'Fianna Fáil offer populist criticisms with no solutions' – Deering
Pat Deering, chair of the Oireachtas agriculture committee, was highly critical of Fianna Fáil's response to the efforts made by Government on live exports.

Fine Gael’s Pat Deering has accused Fianna Fáil of continuing to offer populist criticism with no solutions in regards to the challenges facing Irish agriculture.

Deering, who chairs the Oireachtas agriculture committee, added that in the turbulent times surrounding Brexit it was reassuring to see “that some things never change”.

The Carlow-Kilkenny TD made the remarks in response to criticism from Fianna Fáil’s spokesperson for agriculture Charlie McConalogue on the Government’s response to live export delays.

Live exports

Yesterday, McConalogue said an additional 400 calf spaces made available in Cherbourg which were welcomed by the Minister for Agriculture Michael Creed did not go far enough.

Deering fired back saying: “Fianna Fáil’s only agriculture policy seems to be to criticise the Minister and we see that yet again this week, even though extra lairage space has been secured in Cherbourg.”

McConalogue was called on to reveal Fianna Fáil’s big plan for agriculture and advised to brush up on how the supply chain works.

Export process

“Charlie McConalogue seems to be missing the point of the work the Department of Agriculture is doing and how it fits into the export process,” said Deering.

“Exporters need to work together here and be honest with farmers.”

He said a ship had been offered by the Purcell brothers with capacity for 4,000 calves. However, according to Deering exporters had been holding back resulting in a detrimental effect on the prices of calves and dairy stock.

It was amazing, he said, that McConalogue had not encouraged exporters to use this service so that farmers could get the advantage of the facility being offered.

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The farmer's daily wrap: farm fatality, African swine fever and bees
Here is your news round-up of the five top farming stories and weather outlook for Saturday 24 May.

Weather forecast

Met Éireann has said that it will be rather cloudy at first on Saturday, with patches of light rain or drizzle, mainly affecting the western half of the country.

Cloud is forecast to start to break later in the morning, with spells of sunshine for the afternoon and evening.

However, Atlantic coastal areas will remain quite dull and damp.

It looks set to be a humid day, with top temperatures ranging from 16°C to 20°C in light to moderate southwesterly breezes.

In the news

  • There is a mixed bag of weather ahead for the weekend, with showers, sunshine and highs of 20°C.
  • Minister warning to holiday-makers over African swine fever: “Don’t bring back your sandwich; don’t bring back your salami.”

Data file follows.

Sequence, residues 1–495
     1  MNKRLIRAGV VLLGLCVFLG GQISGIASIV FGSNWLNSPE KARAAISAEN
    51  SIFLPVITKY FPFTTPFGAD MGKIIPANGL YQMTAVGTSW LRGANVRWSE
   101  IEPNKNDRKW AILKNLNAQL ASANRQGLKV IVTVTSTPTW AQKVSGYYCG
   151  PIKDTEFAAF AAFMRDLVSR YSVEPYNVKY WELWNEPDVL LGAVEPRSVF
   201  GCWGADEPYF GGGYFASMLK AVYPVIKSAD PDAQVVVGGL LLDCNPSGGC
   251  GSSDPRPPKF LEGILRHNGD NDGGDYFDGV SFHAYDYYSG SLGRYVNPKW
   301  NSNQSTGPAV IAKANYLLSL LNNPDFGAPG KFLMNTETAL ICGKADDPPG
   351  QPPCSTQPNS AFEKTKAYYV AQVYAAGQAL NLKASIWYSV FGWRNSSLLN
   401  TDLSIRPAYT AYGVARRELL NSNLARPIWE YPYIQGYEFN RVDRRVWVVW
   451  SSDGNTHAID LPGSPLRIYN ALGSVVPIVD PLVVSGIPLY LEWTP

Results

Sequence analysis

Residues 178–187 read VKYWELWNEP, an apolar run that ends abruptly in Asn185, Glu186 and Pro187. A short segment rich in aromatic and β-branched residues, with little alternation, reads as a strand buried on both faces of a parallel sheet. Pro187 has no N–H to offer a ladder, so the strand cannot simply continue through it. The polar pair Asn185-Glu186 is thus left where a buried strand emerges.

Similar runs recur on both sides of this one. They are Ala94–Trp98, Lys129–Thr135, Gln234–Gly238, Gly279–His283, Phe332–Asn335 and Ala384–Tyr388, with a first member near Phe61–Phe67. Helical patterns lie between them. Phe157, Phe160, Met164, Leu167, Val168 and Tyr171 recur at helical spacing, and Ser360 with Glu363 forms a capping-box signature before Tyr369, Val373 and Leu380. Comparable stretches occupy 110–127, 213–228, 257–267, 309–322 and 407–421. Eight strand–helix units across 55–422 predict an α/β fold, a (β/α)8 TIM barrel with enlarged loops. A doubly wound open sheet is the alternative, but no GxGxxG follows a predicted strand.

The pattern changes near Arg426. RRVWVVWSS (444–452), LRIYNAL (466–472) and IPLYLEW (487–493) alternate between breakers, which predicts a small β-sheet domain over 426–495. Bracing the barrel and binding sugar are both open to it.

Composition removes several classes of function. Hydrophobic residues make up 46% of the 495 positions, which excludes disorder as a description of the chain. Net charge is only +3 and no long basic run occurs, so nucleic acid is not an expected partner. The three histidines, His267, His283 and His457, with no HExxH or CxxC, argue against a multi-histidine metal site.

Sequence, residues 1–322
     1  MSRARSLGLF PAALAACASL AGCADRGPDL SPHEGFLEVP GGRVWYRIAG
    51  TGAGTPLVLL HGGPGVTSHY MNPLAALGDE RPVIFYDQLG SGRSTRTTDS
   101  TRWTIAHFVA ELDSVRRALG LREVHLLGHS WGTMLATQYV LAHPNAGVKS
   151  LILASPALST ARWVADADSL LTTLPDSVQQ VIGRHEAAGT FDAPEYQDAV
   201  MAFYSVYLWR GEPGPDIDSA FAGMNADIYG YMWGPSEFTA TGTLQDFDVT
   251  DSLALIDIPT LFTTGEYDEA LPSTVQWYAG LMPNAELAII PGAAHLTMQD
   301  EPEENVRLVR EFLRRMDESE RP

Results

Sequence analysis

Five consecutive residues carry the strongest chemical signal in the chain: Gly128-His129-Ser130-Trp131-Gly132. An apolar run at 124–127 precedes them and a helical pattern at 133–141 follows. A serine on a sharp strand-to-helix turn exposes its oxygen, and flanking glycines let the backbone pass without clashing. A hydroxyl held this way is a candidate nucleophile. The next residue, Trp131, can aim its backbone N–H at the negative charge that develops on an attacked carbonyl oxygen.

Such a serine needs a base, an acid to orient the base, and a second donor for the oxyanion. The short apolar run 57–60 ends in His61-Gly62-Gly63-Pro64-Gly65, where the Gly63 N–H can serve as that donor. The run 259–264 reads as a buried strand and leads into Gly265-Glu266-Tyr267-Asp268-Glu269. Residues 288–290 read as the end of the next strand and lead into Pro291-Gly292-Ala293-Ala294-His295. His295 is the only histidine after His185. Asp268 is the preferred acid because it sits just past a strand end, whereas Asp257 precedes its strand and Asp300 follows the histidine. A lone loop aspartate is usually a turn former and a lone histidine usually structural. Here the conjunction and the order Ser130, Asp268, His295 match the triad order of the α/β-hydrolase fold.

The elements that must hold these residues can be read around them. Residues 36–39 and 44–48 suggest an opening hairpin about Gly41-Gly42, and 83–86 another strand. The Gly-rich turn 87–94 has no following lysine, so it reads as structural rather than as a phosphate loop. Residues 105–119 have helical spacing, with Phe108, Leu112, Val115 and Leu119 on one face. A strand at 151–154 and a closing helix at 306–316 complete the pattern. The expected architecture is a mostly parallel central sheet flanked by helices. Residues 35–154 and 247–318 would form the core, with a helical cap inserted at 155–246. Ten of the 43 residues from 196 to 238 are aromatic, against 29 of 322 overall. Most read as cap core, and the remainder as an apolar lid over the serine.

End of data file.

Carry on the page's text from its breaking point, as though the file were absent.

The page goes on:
• A man in his 60s has died following an accident on a farm in Aughnacliffe, Co Longford.
  • Just 207t of skimmed milk powder (SMP) remains in the EU’s intervention measure.
  • And Irish citizens are being asked to report sightings of bees in a nationwide online survey.
  • Coming up this Saturday

  • Good week/bad week.
  • Free trailer marking against theft.
  • The latest from Newford Farm.
    Three-man race for ICSA president
    The Irish Cattle and Sheep Association (ICSA) will elect a new president in June.

    Three candidates are in the running to become the next president of the ICSA following the close of nominations on Friday evening.

    In alphabetical order, these candidates are as follows:

  • Hugh Farrell, Cavan.
  • Dermot Kelleher, Cork west.
  • Edmond Phelan, Waterford.
  • The election will take place in Portlaoise on the evening of Thursday 27 June.

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    Family-owned feedlots entitled to compensation – ICSA

    Brexit beef compensation: what farmer groups want

    Watch: vegetable growers turn on the irrigation systems
    O’Shea Farms and Hughes Farming have both turned on the irrigation pumps this week.

    In order to combat dry conditions, O’Shea Farms and Hughes Farming were irrigating crops this week.

    Julian Hughes says he has never irrigated as early as May before and that he has two reels out at the moment, but will be putting another two out next week if there is no rain in the meantime.

    “We have a 30mm soil moisture deficit,” he said.

    “The fear of a repeat of 2018 is palpable in the yard at home, there’s dust everywhere.”

    In a normal year, he said that he would irrigate the crops in July and August.

    But so far he has put 30mm on parsnips and followed up five days later with another 30mm.

    “You could ask are we selecting higher-yielding varieties that need more inputs. But I’m using the same variety with the last 20 years.

    "It’s just very dry. We need 50mm over three days to get things balanced up.”

    Agronomist with O’Shea farms Tom Murray said that it would be normal for them to be irrigating at this time of year. They grow carrots in Piltown and Carrick-on-Suir.

    “We’re putting on 12mm to 15mm, not any more than that. We don’t want to wash away any pre-emergence spray,” Tom said.

    “There has been years before when we needed to irrigate to encourage germination. But the soil is starting to dry out and we want to be ahead of it.”

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    Fields drying up as some farmers wait for rain

    Flood risk farmers urged to make submissions

    Crops remain in good condition but have become more variable